Project Manager: Leader or Administrator?

Updated: Nov 26, 2020

I’ve always believed that Project Managers are leaders, but I don’t know if I am alone in that belief. On the surface people will say it’s a leadership role, however as I’ve watched how people behave, I would say they truly don’t respect the role as a leadership one. Now, that also has a lot to do with the Project Manager themselves but I believe they get caught in this weird space that causes them to feel like they are nothing more than an administrator with all the responsibility of a leader.

Usually, Project Managers don’t have any authority over those who are on their project. Having people on a project that report to others can be really confusing and difficult when it comes to leading a team to a productive and positive outcome. This can have a varying impact, so I thought I would list the top four issues as it relates to Leadership and Project Management and how to overcome them.

The lazy or resentful team member.

This “lazy” person is usually assigned because it’s the only person available to do the work. Sometimes those who are more capable have been assigned to other seemingly more important projects. You can also get the person who really doesn’t want to be on the project for whatever reason. I have found that putting the effort into getting closer to this person and understanding what motivates them as quickly as possible is the best technique. Building a bond of trust and encouragement as soon as possible is the key to getting them engaged. Get over whether or not you should “have to” motivate or get close to your team. If you feel that way, then you will always struggle with people on your project. The other thing I find that works is short milestones and checking in. Don’t confuse that with micromanaging. You aren’t telling them what to do, however, you are engaging often to ensure they are making progress. Not only does that help with trust and motivation, but it also builds their self-esteem as a valuable member of the project team.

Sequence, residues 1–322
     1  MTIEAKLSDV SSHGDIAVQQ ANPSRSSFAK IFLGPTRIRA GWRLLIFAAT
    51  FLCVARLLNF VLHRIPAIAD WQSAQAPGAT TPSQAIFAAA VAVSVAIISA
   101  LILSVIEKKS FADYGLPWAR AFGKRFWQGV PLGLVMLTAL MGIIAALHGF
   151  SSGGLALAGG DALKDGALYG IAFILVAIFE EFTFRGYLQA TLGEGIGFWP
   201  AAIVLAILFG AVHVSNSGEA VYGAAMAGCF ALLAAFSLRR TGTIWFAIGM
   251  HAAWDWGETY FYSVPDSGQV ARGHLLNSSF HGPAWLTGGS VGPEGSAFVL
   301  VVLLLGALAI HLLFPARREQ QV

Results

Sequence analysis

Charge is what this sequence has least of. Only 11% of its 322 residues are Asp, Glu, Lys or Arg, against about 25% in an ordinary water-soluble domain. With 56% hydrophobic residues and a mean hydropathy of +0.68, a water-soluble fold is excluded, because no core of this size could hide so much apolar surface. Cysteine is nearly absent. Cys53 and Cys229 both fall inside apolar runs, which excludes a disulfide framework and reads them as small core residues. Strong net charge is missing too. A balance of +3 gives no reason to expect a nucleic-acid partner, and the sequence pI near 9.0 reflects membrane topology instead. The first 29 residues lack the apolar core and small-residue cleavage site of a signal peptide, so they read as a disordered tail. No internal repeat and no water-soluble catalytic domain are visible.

The team member who feels they know more or better.

This person can be an extremely valuable person on the team if you can get them over their headiness. Instead of immediately bristling, lean on them for their expertise however make sure you do your due diligence that the information is accurate and not just the advice from someone who wants to sound or be important. It’s most likely this person has not been heard in the past whether it’s his own manager or the previous PM, so you have some trust to build. Also, it’s important to make sure this person can listen to and build on ideas. A project team works best and is the most productive when the team forges ideas, plans, and approaches as one. That means you need to make sure that one person isn’t bullying the team to be right and that others speak up to share their thoughts and concerns. The ultimate decision comes down to the technical lead, you, and the board of the project but I would much prefer showing up with a well rounded and thought through game plan. So, use these people for their experience, let them know you count on them for their technical knowledge. That too builds trust and will most likely loosen their attitude. (As an aside, when I say technical knowledge I don’t mean IT. I mean the person who has the understanding and most technical knowledge of what you are trying to accomplish.)

The team member who is assigned to many other projects or pieces of work.